SOFIAecho / Reflecting on EU-Turkey Relations

Mehmet T. Gücük 27.11.2008
On November 8, in its annual report on Turkey, the European Commission criticised Ankara for slowing down reforms on human rights and for refusing to open its ports and airports to Greek Cyprus, whose government is recognised by the EU as the government of the whole island. As a result, Turkey was given until mid-December to come to terms with the EU or risk a crisis in its EU accession talks. Turkey’s ambassador to Bulgaria Mehmet Gucuk commented to Yana Moyseeva on the report.

What was your reaction to the European Commission’s report on Turkey’s progress published on November 8?

Full membership of Turkey in the EU is our fundamental strategic objective. With the starting of the accession process, a significant threshold has been passed in Turkey’s 50 year political and 40 year contractual process of integration with the EU. By any measure, this has been a historic step and has created positive repercussions on a global scale.

The 2006 regular report confirms the commitment of the Turkish government to the reform process and outlines the progress which has been achieved. While stressing that legislation in many areas is in alignment with the EU, the report states that problems arise in implementation. Naturally, the report also contains elements with which we disagree. Turkey’s views in this regard will be conveyed to the Commission in due course, as done every year.

Some of the areas in which more progress is expected or shortcomings identified are those which Turkey is already addressing sensitively and to which the Turkish public opinion attaches high importance. No reference to the fact that these matters are also top agenda items in Turkey is a shortcoming of the report.

The reforms are a process which requires continuity. All the steps that have to be taken in the legislative and administrative fields primarily for the welfare and the benefit of the Turkish people will naturally continue.

As for the section in the report on Cyprus and the implementation of the Additional Protocol, the divergence of views between Turkey and the EU has been reflected in the report. Turkey’s views and efforts for the solution of the Cyprus problem are well known by all parties. The Cyprus question is a political question and is not an obligation in the context of our accession process, which is of a technical nature.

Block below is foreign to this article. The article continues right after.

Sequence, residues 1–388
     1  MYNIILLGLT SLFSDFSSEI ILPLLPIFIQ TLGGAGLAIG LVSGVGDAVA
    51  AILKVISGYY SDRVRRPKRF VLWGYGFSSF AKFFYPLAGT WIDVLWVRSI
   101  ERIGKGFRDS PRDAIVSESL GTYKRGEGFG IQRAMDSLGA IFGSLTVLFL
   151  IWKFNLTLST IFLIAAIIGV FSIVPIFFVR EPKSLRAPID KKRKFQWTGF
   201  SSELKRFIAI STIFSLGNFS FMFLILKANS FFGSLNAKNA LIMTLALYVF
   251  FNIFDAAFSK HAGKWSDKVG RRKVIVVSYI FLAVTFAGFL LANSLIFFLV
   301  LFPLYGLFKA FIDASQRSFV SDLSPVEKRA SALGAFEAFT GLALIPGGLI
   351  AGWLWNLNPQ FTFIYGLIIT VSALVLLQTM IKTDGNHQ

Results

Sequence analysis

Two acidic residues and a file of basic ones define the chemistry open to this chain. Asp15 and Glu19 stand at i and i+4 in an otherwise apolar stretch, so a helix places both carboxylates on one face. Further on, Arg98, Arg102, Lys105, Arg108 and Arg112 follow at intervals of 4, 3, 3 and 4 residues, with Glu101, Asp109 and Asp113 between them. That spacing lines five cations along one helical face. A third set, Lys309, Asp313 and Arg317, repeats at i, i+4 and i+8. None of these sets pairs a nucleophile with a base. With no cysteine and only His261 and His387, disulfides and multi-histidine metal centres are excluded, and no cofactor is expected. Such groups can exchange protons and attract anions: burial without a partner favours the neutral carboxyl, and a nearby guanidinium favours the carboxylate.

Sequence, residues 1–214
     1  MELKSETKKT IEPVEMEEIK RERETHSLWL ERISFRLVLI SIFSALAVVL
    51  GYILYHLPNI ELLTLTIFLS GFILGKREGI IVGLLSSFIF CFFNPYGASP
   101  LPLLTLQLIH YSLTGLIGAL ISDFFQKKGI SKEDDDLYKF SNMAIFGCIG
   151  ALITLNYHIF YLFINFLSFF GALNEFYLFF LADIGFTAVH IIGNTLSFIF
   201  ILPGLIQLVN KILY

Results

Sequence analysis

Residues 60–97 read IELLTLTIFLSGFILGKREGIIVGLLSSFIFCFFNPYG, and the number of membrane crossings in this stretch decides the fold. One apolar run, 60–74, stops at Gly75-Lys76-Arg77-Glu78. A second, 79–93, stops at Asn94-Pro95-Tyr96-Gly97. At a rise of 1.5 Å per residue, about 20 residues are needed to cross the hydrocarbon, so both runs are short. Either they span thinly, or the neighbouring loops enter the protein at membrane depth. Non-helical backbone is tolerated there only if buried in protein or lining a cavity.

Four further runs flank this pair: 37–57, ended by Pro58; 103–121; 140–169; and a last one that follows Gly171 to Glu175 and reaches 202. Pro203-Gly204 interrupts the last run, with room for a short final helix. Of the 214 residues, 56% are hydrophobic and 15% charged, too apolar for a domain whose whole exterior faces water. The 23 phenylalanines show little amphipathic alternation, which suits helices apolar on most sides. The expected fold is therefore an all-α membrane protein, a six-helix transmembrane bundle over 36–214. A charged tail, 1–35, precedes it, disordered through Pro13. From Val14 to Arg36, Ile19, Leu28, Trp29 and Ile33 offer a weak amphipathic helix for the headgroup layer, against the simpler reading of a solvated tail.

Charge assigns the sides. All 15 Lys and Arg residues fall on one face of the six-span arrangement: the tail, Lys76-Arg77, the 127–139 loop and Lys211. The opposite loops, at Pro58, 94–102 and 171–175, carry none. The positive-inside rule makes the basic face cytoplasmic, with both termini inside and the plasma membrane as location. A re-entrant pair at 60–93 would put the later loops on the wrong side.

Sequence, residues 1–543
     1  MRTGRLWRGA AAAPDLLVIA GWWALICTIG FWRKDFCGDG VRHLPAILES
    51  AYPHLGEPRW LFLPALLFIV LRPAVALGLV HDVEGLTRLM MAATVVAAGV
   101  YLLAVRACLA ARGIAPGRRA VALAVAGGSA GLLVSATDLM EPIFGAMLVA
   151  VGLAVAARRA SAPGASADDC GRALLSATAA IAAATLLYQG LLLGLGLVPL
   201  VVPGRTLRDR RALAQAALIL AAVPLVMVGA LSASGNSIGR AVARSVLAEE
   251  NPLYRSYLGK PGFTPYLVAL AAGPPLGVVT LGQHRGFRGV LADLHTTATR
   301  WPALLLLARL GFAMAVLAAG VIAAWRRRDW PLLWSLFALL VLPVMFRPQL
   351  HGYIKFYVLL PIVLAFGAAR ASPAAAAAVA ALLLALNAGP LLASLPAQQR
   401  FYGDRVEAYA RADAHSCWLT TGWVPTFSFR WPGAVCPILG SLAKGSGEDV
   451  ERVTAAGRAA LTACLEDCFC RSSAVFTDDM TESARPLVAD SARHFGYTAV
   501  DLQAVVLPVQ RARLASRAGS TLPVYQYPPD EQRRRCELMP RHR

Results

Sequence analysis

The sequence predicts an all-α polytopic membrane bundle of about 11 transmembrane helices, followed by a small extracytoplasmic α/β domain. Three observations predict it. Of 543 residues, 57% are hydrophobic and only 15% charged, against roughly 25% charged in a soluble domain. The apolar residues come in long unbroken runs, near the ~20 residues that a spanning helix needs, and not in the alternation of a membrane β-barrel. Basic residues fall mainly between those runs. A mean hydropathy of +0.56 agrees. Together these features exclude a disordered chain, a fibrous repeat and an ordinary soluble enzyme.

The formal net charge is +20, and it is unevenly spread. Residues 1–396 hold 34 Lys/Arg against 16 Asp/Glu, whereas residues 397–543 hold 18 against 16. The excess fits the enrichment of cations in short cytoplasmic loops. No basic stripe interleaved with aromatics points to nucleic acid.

At the Summit of the EU heads of state and government on December 14-15 2006, a decision will be taken on the views put forward by the Commission. The responsibility to act in accordance with political common sense and the principle of Pacta Sund Servanda passes on to the EU member states. In this sense, Turkey considers this period leading to the December Summit as an opportunity for reflection on Turkey-EU relations. In this period, Turkey will continue to share with her EU partners in an open manner and at every level and opportunity her views and concerns on the issues outlined in the regular report and strategy paper.

Do you agree or disagree with the criticisms states in the report, such as regarding the need for Turkey to open its ports to Greek Cypriot vessels, human rights breaches, and so on?

As I already mentioned before, the Cyprus problem is not an issue which is directly related to Turkey’s accession talks. However it is wrongly presented as an impediment in this process. Turkey sincerely wants and has exerted genuine effort towards a comprehensive settlement in Cyprus and is of the view that such a solution must be found under the UN and on the basis of the long-established UN parameters which are bizonality, political equality and equal status and a new partnership state structure. The Turkish Cypriot people endorsed with an overwhelming majority the UN Comprehensive Settlement Plan for Cypr

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